Books on the history of gaming are culturally important to my own life. Genealogically, I’m a mutt with little foundation. My family and myself have no real traditions or history we share beyond our own generation or two. I’m Italian but I don’t have a a deep identity in it. But, as a gamer, I have a history, music, traditions and my own self-perception is very much rooted in tabletop and video games.
When I read a book like Console Wars, it’s partly me accepting that this culture is bigger than myself and there’s elements to learn about. I felt that connection when reading Empire of Imagination or Masters of Doom, that this part of my life has been going on for longer than I’ve been around and there’s names and history that are important to it all.
Blake J. Harris’ Console Wars taps into that, except this was a history I experienced. Harris follows the war between Nintendo and Sega; how Sega fought for and won it’s place in the market and how Nintendo fought back. Both companies make mistakes along the way, sealing certain fates for themselves.
One factor that makes this book fascinating is it’s focus on the differences between the Japanese and American sides of each company. While Nintendo was more focused on having like-minds, Sega was much more divided. Sega of Japan rarely agreed with SOA and these arguments and differences would prove to be the companies downfall. Even with Sega earning it’s place in the market, it’s lack of strong leadership would have it go on to follow the success of the Genesis with multiple consoles with little individual identity.
Nintendo, on the other hand, had a direct and strong hand when it came to it’s leadership. So much so that some employees began to chafe against the lack of freedom. Whereas Sega of America was throwing everything against the wall to see what stuck, Nintendo was nailing their decisions to the plaster, even as the wall was crumbling to the floor. The desire to avoid direct competition due to tradition and lack of respect for it’s rivals led Nintendo to lose a few loyal employees, but also to the creation of Donkey Kong Country and Rare’s rise as a second party. It also was responsible for the Super Mario Bros. movie and stabbing Sony in the back when it came to CD technology, so not all good things.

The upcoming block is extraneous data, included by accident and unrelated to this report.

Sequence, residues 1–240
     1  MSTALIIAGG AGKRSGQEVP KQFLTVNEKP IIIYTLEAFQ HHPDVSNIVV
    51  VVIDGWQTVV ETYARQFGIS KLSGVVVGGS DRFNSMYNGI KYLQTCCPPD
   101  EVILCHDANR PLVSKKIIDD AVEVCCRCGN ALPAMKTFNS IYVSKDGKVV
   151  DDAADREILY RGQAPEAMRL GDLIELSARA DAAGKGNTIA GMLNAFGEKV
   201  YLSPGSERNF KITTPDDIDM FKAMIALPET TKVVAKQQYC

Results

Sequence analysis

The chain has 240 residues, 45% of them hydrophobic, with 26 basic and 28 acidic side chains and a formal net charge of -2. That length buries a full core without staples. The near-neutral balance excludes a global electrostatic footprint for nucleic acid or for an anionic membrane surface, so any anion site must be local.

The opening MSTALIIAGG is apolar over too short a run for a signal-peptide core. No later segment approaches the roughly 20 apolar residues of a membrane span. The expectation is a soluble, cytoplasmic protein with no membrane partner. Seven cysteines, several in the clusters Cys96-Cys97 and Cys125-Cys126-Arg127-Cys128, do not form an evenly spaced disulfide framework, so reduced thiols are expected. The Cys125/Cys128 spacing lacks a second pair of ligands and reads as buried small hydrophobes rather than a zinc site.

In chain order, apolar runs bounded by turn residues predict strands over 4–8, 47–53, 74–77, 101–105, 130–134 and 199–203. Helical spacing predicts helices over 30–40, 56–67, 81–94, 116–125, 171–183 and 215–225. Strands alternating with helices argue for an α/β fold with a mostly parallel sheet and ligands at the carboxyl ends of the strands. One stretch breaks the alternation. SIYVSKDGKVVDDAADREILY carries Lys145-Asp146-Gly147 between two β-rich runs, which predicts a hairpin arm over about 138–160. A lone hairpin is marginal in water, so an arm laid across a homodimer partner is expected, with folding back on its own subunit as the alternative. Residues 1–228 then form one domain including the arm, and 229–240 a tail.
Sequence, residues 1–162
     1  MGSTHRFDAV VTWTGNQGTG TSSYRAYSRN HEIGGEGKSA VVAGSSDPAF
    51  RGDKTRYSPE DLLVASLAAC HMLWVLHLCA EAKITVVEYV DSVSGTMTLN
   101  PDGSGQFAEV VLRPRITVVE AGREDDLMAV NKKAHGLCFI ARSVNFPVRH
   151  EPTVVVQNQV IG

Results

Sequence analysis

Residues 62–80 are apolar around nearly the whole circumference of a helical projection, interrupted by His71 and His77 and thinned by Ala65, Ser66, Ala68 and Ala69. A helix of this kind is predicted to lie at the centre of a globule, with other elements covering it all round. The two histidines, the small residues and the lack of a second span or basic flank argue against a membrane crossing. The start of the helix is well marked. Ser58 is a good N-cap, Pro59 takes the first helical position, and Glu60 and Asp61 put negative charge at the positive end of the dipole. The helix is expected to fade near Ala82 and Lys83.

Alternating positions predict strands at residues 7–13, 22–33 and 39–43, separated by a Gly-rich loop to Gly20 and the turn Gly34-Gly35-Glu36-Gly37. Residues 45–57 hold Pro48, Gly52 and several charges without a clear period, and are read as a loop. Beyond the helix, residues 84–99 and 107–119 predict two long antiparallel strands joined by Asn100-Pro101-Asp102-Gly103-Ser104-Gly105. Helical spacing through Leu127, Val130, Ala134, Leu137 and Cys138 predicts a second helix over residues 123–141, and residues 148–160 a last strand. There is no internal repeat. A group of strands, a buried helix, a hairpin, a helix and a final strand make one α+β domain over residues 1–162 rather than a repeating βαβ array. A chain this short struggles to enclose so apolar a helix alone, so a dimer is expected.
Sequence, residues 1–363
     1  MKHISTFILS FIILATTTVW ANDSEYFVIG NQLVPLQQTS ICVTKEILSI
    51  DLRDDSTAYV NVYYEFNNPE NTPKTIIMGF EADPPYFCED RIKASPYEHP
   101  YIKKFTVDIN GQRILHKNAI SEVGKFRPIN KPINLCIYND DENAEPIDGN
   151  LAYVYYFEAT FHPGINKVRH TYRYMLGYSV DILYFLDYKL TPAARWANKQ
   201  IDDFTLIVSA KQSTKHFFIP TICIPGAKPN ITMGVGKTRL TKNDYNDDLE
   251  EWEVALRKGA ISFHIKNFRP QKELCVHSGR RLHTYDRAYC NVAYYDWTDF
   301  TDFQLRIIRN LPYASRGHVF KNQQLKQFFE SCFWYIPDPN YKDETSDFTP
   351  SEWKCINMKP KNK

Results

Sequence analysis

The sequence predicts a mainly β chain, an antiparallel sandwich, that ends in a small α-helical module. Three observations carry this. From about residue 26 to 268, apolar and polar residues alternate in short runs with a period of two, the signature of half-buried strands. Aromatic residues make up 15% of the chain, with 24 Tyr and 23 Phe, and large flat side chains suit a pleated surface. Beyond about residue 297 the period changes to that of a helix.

The book is written in prose, using the facts and history to tell more of story than real life might have been. The dialog is where this technique is a hit-or-miss, but the rest of the book is a compelling read, with great insights into the two companies and their respective employees. This style might not be for everyone, but if you’ve read the aforementioned Empire of Imagination or Masters of Doom, you’ll be right at home. This isn’t the text book tome that was David Sheff’s excellent Game Over, it’s edutainment and a turn pager.
Reading about Sega’s marketing plans, Nintendo’s resistance to fire back, Sony’s frustrations with entering the market and the whole industries growth is highly entertaining. There’s a lot of egos on display and hindsight gives the reader a one-up on the players in this book. The most frustrating part of this book, for myself, is that it ends just as things are getting really juicy. The Sony Playstation has just entered the market, Nintendo is about to release their 64-bit console and we all know what happened to Sega soon after. I wanted an account of the next war, of the Sega Dreamcast and Microsoft getting ready to enter the fray.
But Console Wars is a dense book as it is and I’m sure someone is preparing a book on the stage that followed. If you’re interested in the history of video games, Japanese business practices, the thought process of marketing, 90s culture and the whole Sega vs. Nintendo fight, I highly recommend this book. You might have to get past any hangups over the style of writing, but, once you do, you’ll find this to be a great resource.